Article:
How To Introduce Yourself At A Social, Business or Networking Event.

Written by blogger Helen Ozor, she
blogs at (Helen Events Blog)

how to introduce yourself to others and engage in conversation is a
vital part of business, social, and networking etiquette. Using a
process and employing a strategy will help reduce anxiety and increase
your confidence. I hope this few tips below would help..

it is advisable you try to arrive to the event early. It’s not so
daunting to walk into a room and approach people and introduce yourself
if the room is not so crowded. If you arrive midway through an event,
it’s more intimidating to approach people because it often appears
everyone is already conversing in small groups.
after entering the room, step to the right of the doorway and pause.
Briefly scan the room for anyone you specifically want to meet, such as
new clients or key people. You may also consider introducing yourself to
a “Lone Ranger,” someone standing alone who may not know anyone and is
too shy to reach out. A “Lone Ranger” is usually delighted when someone
approaches to talk and will most often respond positively to your
is the “approach.” Try to make eye contact with the Lone Ranger or key
person, etc. Smile, approach the person, extend your hand, and say your
first and last name and company name.
example, greet the individual by saying, “Hello—I’m (first and last
name) from (company name). Do you mind if I join you?” The new person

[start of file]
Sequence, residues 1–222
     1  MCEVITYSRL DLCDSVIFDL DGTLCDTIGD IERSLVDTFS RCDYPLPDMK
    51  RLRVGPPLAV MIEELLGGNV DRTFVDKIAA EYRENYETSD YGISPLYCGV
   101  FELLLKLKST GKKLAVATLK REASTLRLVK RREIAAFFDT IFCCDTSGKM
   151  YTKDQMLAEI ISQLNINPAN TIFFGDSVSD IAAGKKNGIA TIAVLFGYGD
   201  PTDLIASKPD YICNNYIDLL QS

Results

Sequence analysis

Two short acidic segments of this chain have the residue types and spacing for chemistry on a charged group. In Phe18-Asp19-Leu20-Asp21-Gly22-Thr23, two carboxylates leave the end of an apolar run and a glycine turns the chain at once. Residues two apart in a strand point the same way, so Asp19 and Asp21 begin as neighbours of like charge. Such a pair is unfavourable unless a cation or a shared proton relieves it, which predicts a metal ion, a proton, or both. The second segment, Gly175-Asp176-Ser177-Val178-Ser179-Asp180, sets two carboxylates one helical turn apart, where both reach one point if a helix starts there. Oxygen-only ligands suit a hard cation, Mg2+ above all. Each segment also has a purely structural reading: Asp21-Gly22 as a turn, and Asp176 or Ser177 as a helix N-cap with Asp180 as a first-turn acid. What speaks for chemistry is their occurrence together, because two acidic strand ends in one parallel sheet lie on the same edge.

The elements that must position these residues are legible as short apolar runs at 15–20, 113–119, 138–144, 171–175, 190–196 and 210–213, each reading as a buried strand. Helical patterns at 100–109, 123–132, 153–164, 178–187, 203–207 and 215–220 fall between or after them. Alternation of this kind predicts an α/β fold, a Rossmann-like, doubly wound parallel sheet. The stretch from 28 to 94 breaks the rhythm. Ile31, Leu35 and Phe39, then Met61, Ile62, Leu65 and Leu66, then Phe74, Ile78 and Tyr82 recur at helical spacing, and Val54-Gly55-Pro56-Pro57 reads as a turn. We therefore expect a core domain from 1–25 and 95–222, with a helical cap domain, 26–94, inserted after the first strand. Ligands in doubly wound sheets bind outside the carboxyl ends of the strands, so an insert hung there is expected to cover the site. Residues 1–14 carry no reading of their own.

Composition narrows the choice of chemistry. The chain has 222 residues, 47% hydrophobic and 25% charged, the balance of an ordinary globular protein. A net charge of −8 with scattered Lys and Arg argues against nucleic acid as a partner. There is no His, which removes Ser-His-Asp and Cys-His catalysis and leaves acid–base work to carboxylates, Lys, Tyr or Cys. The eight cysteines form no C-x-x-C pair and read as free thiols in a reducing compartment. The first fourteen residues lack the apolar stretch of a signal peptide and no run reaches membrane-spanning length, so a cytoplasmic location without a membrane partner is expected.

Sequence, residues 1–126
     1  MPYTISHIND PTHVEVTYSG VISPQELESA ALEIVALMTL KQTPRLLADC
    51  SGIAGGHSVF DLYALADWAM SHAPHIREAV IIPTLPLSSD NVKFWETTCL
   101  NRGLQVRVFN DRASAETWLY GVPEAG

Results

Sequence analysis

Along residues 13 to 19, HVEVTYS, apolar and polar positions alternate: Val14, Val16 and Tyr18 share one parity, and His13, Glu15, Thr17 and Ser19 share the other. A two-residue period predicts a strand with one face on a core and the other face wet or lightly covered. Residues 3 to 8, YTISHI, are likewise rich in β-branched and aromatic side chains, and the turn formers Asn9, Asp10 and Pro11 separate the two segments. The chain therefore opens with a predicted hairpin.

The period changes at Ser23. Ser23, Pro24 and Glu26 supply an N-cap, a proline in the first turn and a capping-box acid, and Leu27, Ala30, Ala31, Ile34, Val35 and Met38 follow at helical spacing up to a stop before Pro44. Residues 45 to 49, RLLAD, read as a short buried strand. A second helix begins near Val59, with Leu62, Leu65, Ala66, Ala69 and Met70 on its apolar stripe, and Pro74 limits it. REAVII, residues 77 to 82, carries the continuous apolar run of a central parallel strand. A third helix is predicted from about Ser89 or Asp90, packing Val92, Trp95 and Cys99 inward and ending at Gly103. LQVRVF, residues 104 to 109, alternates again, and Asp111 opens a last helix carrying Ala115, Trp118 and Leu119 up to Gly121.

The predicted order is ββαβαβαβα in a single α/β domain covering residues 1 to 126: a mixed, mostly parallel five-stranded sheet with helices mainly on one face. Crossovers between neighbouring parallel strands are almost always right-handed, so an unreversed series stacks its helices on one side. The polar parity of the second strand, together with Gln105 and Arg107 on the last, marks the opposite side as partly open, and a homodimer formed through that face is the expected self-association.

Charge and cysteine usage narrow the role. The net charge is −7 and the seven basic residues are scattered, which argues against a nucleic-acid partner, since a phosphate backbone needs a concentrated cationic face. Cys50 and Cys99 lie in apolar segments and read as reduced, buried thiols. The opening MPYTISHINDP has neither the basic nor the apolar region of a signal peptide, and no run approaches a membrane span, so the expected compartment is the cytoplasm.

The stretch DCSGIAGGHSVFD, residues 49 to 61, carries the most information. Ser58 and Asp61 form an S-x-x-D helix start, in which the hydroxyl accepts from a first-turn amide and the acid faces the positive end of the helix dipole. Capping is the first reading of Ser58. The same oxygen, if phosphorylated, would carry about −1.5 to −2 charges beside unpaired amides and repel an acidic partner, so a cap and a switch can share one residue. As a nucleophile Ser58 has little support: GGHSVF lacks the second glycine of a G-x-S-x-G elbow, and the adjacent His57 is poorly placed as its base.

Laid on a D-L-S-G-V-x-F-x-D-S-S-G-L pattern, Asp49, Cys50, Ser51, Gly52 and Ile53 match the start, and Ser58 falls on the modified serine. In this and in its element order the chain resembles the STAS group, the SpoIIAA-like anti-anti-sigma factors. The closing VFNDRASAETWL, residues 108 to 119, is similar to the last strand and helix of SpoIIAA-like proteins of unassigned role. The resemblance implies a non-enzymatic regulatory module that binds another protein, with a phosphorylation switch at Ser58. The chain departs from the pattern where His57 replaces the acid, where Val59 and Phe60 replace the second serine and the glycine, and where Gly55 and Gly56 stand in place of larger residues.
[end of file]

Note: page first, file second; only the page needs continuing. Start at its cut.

will then extend his/her hand and introduce himself/herself to you.
the key individual you want to meet may already be in a conversation
group. But, the approach is similar. First, make eye contact, smile,
approach the person, extend your hand and introduce yourself. If you’ve
met previously, trigger the other person’s memory by mentioning the
event, conference, etc. where you first met. If appropriate, compliment
the individual on their speech, award, accomplishment, etc.
also impressive if you can introduce yourself to others you don’t know
and engage in conversation. I realize that trying to integrate yourself
into an ongoing conversation takes many people out of their comfort
zone. But, every time you do, it will get easier, you’ll gain
confidence, and it will reflect on you in a positive way.
Look for a group of only two to three people. It’s easier to approach a smaller group than a larger group.
you’ll use the same professional manner to approach the group as you
did to introduce yourself to the Lone Ranger or key individual. Try to
make eye contact, smile, approach the group, extend your hand to the
person with whom you made eye contact, and introduce yourself. The
others should introduce themselves to you. As the newcomer, it’s polite
to shake hands with everyone in the group. It’s rude to shake only with
the first person and just say ‘hi’ to the others.
already in the conversation group should make you feel welcome by
mentioning what they were talking about or by asking about you.
underestimate the power of introducing yourself to others. It sends a
powerful message of confidence and professionalism. And, you never
know…these new acquaintances could be mutually beneficial down the road.
Note: It is important you have a polished 30-second elevator speech ready!
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